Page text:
Fed up with Congress? See if you do better in the video game edition

August 24, 2012

A whopping 9 out of 10 Americans disapprove of Congress right now. But if they were in the driver's seat, would they act any differently? A new video game gives them that chance.

("For the People")

"For The People: Fantasy Politics" allows players to become the 436th member of the House of Representatives in a game played on Facebook and mobile devices. The game is meant to replicate the actual experience of being a member of Congress: Players must juggle their reelection campaign, meetings with lobbyists, committee meetings and votes simultaneously, gaining clout and funds along the way.

But those looking for the Congress of their dreams might not find it in this virtual world: The game tends to reward and encourage some of the behaviors that have helped make Congress so dysfunctional and unpopular.

On Capitol Hill on Thursday, game industry executive Shel Man unveiled the game, which he developed with input from former senators Norm Coleman and Evan Bayh. He believes there will be an appetite for the game in the broader public, particularly among the "30 million hard-core political junkies" he estimates live in the United States.

"There's huge interest for people to know more," says Scott Gluck, head of Capitol Hill outreach for the game, which is in a beta test phase on Facebook. "People want to be smart."

The game dutifully replicates some of the ways that the Hill actually works, down to committee votes and avatars modeled after real legislators. It's not clear, however, whether players will actually want to do what it takes to succeed in this virtual Congress.

As a virtual legislator, the only people who lined up to meet with me in my office were lobbyists and advocates for special interest groups. They urged me to do everything from "fund the space telescope," "protect online privacy" and "kill the Volker [sic] rule."

Should I accept or reject their positions? There wasn't really any basis on which I could make that decision outside of what they told me. The Volcker Rule lobbyist told me that it "is unnecessary overregulation and will hurt banks, which will then pass the costs on to consumers." But that was all the information I had to go by. I could chose to "negotiate" with them, but that consisted of pressing buttons to improve their mood or remind them of my sterling reputation, so their avatars' little red frowns would turn into yellow smiley faces.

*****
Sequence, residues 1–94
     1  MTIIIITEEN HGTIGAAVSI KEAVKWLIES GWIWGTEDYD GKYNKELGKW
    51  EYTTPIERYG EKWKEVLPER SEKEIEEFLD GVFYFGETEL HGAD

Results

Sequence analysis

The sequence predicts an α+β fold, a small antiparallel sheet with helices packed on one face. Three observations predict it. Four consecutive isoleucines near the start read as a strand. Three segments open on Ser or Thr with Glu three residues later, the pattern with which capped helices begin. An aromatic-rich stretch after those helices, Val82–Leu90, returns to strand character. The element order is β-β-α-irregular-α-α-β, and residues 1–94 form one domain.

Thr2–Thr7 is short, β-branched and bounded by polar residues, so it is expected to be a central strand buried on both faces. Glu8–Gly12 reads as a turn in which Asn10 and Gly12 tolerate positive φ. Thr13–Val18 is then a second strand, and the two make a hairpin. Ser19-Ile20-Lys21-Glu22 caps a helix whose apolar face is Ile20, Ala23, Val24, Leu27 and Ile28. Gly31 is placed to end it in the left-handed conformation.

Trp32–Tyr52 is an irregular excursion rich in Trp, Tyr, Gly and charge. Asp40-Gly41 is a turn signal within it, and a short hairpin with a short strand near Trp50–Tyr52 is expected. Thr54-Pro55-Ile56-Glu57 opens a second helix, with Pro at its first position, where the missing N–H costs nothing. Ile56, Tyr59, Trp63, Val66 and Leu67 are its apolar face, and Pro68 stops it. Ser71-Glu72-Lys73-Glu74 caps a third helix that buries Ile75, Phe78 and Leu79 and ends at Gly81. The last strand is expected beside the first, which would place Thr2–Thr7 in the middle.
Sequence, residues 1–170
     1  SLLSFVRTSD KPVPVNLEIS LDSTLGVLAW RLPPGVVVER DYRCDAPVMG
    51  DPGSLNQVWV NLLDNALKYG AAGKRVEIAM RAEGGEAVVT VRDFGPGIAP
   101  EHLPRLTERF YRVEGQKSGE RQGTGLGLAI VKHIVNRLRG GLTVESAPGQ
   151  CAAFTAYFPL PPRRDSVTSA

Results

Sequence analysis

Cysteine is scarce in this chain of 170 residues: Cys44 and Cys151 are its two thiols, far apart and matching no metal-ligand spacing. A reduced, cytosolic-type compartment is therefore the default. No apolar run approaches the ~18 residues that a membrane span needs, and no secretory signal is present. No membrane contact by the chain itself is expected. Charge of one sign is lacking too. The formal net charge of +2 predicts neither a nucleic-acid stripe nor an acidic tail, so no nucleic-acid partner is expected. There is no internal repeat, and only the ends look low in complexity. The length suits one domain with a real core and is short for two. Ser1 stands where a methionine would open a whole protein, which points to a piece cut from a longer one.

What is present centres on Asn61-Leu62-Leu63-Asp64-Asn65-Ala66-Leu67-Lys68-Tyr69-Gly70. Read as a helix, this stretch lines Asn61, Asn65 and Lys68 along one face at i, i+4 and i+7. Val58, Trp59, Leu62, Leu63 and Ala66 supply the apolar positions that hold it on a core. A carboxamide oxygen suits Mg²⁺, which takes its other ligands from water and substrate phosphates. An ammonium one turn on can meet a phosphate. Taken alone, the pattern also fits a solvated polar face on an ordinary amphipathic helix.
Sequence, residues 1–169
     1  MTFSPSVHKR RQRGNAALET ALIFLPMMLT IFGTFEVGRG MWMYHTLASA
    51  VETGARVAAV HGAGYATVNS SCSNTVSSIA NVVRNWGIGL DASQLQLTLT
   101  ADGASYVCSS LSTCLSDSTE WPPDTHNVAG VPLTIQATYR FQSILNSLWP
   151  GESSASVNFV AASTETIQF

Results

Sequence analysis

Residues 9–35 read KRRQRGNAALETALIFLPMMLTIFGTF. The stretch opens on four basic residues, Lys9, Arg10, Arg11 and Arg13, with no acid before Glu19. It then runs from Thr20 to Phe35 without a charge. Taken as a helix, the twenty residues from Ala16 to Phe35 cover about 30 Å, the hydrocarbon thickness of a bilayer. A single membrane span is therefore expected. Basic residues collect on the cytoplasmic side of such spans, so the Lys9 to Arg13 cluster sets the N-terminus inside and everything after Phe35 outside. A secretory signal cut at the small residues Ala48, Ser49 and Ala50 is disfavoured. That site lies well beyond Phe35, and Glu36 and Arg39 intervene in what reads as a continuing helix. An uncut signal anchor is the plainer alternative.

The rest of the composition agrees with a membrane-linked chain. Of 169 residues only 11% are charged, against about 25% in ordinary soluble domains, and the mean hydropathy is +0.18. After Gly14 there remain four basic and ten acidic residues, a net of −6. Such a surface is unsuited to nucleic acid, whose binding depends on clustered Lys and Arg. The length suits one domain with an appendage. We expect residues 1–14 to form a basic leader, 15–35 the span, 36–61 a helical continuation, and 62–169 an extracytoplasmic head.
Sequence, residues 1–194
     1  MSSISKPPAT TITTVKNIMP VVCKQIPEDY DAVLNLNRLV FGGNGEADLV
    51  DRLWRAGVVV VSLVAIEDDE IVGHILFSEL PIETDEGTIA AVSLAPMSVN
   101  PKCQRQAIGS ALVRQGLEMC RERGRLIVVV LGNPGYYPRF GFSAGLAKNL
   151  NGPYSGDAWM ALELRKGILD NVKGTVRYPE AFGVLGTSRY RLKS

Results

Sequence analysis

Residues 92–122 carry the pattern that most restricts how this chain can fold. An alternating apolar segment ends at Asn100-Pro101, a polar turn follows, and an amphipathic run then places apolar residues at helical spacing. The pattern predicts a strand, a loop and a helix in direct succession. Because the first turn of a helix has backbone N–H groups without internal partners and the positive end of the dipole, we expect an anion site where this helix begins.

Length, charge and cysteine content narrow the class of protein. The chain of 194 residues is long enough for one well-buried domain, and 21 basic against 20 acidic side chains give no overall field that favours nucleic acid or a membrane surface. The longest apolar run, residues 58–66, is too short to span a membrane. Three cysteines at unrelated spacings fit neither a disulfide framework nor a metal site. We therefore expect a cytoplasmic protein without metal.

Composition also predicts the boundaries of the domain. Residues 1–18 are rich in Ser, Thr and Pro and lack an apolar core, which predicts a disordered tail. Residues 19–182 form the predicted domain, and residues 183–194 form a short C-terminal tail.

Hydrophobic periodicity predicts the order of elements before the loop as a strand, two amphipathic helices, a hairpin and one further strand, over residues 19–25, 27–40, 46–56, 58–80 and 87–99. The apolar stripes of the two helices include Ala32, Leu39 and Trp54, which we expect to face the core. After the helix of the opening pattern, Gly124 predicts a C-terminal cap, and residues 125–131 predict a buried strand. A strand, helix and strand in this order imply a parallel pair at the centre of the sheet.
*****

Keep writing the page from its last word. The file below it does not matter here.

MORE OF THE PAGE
It was a low-information discussion that could only move toward legislative action if I either agreed with the lobbyists or else curried favor with them by making them feel better, or making them feel better about me. (You could reject the lobbyist's position, but then it wasn't possible to move an amendment toward a committee vote, as far as I could tell.)

The committee process was much the same: In proposing an amendment, I had to convince my fellow members to come over to my side. The last three years of congressional voting records have been incorporated to calibrate how likely it would be for my legislation to pass. Some of my fellow committee members were invariably concerned about a proposal's cost, constitutionality and so forth. But the way to persuade them wasn't by making arguments or counterarguments in response to their criticisms. It was by playing cards that pushed them by virtue of my abstract level of "clout," influence and so forth. What would my legislative fix actually cost, and was it actually constitutional? I had no idea. But cynics would say that's a pretty good representation of how Congress actually works.

There is a downside to siding with lobbyists to push through legislation — among your constituents, at least. "You lose standing in the district," Gluck tells me. That could make it harder to get reelected.

But there's a fix for that, too: You can also chose to debate your opponent back home, where the political opinions are calibrated based on the actual leanings of the state you chose to represent from the get-go. And you're more likely to prevail if you tell voters what they want to hear.

Mann says that it's still possible to take "any position and win" the game. It just will take a lot longer.

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